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Frisco Plant Fails Federal Standards, Citizen Group Wants It Gone

By Jack Fink, CBS 11 News
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The Environmental Protection Agency seal displayed on a podium in Washington, D.C. (credit: Chip Somodevilla/Getty Images)

The Environmental Protection Agency seal displayed on a podium in Washington, D.C. (credit: Chip Somodevilla/Getty Images)

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FRISCO (CBSDFW.COM) – A new citizen’s group is targeting a battery recycling plant that is emitting lead into the air.

Exide Technologies has operated a plant near the Dallas North Tollway north of Stonebrook Parkway since 1965.

About a one square mile area around the facility is one of 16 across the country that fails to meet federal air quality standards for lead emission.

Former Councilwoman Joy West co-founded the Get The Lead Out Frisco Colation with the mayor’s wife, Val Maso.

“Our goal is to have Exide pack up and leave,” West said.

Last week, they mailed 5,000 petitions to homeowners and say that 600 of those have already been signed.

“Children are the root of our community and if there is a safety hazard that needs to be addressed, we just felt like it was the time to address it,” West said.

Richard Anzaldua has lived near Exide Technologies’ battery recycling plant in Frisco for the past 18 years. He said he is concerned in light of the recent reports.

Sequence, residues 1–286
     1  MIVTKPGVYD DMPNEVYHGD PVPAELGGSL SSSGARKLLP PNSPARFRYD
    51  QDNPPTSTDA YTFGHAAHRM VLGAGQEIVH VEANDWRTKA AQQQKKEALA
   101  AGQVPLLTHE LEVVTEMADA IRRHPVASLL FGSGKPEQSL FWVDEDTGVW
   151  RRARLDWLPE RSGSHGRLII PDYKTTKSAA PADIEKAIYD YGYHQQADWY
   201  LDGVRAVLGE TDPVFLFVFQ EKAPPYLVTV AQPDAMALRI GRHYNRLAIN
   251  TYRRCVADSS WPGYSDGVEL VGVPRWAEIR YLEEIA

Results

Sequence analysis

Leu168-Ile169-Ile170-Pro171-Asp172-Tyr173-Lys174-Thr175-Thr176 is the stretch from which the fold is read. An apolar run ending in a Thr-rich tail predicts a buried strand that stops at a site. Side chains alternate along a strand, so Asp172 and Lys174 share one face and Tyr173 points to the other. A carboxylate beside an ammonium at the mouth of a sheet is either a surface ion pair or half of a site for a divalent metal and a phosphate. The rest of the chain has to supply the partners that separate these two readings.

“The city should do something about it and move the company out,” he said.

Research has shown even low levels of lead can cause developmental problems for children and health problems for adults.

A new bill by Texas Sen. Florence Shapiro (R – Plano) would require Exide to conduct a health risk assessment, install the latest and best technology to reduce lead emissions and allow public access to data from air monitors.

An Exide spokeswoman said the company opposes the bill.

“It’s just an undue regulatory burden on us going forward because our industry is already heavily regulated,” said company spokeswoman Susan Jaramillo.

The plant has been shut down for the past three weeks. Exide said it is in the process of making a variety of improvements to reduce the lead it emits into the air.

Exide said it’s spending up to $20 million to cut lead emissions by 90 percent by November of 2012.

To West and others, however, that isn’t good enough. Late last month, the state conducted blood tests for concerned residents.

The city said the results will be released in 60 to 90 days. Exide has also offered free blood tests as well.

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